Biodistribution of Cur in the intestinal tract
The biodistribution profiles of free Cur and RA-Cur in the intestinal tract were studied with both quantitative and fluorescence methods. The absorption profiles of Cur in the free Cur and RA-Cur groups differed in terms of the site in the intestinal segments, as shown in Figure 5A and D. For the RA-Cur group at the 0.5-hour time point, the rank order of the concentrations of Cur in different intestinal segments was duodenum > jejunum > ileum, and this difference was attributed to the different physiological features of the various selected segments. However, the concentrations of Cur in these three different intestinal segments in the free Cur group were found to be similar (P>0.05). When compared to the free Cur group, the RA-Cur group showed significantly enhanced intestinal absorption of Cur. The Cur concentration in the segments of duodenum and jejunum in the free Cur group was decreased while the concentration in the ileum increased after 1.5 hours. By contrast, dramatic increases were observed in all three segments of the RA-Cur group at the 1.5-hour time point. The Cur concentrations in the duodenum, jejunum, and ileum were 38.01-, 11.55-, and 2.99-fold higher, respectively, in the RA-Cur group than in the Cur group at 0.5 hours, and 352.11-, 96.84-, and 1.36-fold higher, respectively, at 1.5 hours.
The fluorescence observations of different intestinal segments at the 0.5- and 1.5-hour time points after oral administration of free Cur and RA-Cur are shown in Figure 5C and F, respectively. The rank order of the green fluorescence signal (corresponding to RA-Cur or free Cur molecules released from the RA-Cur) in the different intestinal segments (duodenum > jejunum > ileum) reflected the quantitative determination results. Stronger Cur fluorescence was observed in intestinal epithelial cells of the RA-Cur group and was accompanied by deeper penetration when compared with the Cur group at either 0.5 or 1.5 hours. These observations could indicate Cur uptake primarily from the intestinal lumen and prompt absorption into the duodenum, followed by absorption into the jejunum and ileum. Green fluorescence was also evident in the mucous membrane and in the serosa membrane, deep inside the intestine. These results indicated that RA-Cur (or the Cur released from RA-Cur) was able to penetrate through the mucus layer, reach the serosa membrane, and subsequently be absorbed into the systemic circulation system. The fluorescence intensity was much lower in the free Cur group (Figure 5B and E). These fluorescence observations were consistent with the quantitative Cur uptake results.
The pharmacokinetic profiles were evaluated in rats to determine the oral absorptive efficiency of RA-Cur. The mean plasma Cur concentration–time profiles are shown in Figure 6. The plasma concentration of Cur was dramatically increased in the RA-Cur group when compared with the free Cur group. Figure 6 also shows that the plasma Cur concentration was higher in the RA-Cur group than in the free Cur group at all time points throughout the experiment. In fact, the plasma Cur concentration in the free Cur group was below the detection limits after 12 hours. The pharmacokinetic parameters (Table S1) indicated an 11.59-fold higher Cmax value for the RA-Cur group than for the free Cur group (P<0.05). The time of maximum concentration (Tmax) was unchanged, but the T1/2 value decreased from 3.62 hours for the Cur suspension to 2.78 hours for RA-Cur. The significantly increased Cmax value and decreased T1/2 value could be explained by the improvement in solubility and faster release of Cur from the RA-Cur due to the RA micelle encapsulation. The area under the curve (AUC0–t) value was 19.06-fold greater for the RA-Cur group when compared to the free Cur group.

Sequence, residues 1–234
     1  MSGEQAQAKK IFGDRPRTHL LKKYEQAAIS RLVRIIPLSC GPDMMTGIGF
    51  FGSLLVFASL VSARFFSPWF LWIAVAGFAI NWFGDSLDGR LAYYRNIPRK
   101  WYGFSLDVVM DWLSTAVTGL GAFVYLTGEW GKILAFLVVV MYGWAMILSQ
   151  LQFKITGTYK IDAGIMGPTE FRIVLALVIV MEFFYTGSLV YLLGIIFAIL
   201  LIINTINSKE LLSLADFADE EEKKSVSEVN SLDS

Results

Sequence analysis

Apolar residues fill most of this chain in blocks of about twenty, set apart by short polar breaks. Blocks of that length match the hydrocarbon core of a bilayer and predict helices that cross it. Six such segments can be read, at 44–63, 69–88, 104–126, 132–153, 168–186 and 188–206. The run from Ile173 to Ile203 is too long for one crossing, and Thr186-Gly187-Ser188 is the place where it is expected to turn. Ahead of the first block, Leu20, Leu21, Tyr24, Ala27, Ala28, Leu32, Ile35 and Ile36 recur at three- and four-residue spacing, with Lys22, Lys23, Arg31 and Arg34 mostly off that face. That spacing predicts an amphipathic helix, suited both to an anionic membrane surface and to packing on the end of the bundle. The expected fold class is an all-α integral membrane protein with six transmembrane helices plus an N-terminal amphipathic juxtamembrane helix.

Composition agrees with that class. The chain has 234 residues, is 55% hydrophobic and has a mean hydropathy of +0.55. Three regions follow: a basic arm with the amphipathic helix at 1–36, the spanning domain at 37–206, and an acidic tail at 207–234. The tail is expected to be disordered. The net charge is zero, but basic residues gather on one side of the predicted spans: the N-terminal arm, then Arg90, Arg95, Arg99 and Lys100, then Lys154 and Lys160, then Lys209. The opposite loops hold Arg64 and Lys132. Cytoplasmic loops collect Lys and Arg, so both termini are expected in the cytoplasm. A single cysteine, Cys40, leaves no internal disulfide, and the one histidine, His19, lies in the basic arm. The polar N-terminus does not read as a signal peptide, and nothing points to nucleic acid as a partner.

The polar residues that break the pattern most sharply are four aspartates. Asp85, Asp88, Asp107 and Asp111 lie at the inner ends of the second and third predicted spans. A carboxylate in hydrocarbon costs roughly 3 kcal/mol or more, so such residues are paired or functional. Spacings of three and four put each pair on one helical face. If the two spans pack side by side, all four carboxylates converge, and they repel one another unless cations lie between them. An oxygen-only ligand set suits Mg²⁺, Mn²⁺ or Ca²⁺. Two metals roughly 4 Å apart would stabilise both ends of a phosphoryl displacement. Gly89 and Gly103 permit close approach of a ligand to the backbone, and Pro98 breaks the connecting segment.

In vivo therapeutic activity
Body weight loss
As shown in Figure 7A, the body weight in the healthy control group showed a normal increase (+9.32%) as the experimental period progressed. By contrast, the body weight of mice in the DSS control group showed a significant decrease at the end of the test (−15.87%, compared to the healthy control group, P<0.05), and the RA treatment failed to prevent this decrease in body weight (−13.52%, compared to the DSS control group, P>0.05, and P<0.05 to the healthy control group). On the contrary, administration of free Cur at 150 mg/kg almost completely abolished this decrease (−0.18%, compared to the DSS control group or healthy control group, P<0.05). Administration of RA-Cur at 50 and 100 mg/kg RA-Cur completely abolished the body weight decrease (+0.78% and +0.97%), giving efficacies similar to that achieved with 150 mg/kg free Cur (P>0.05). The body weight increased by 4.50% in the treatment group given 150 mg/kg RA-Cur (compared to the DSS control group or the healthy control group, P<0.05).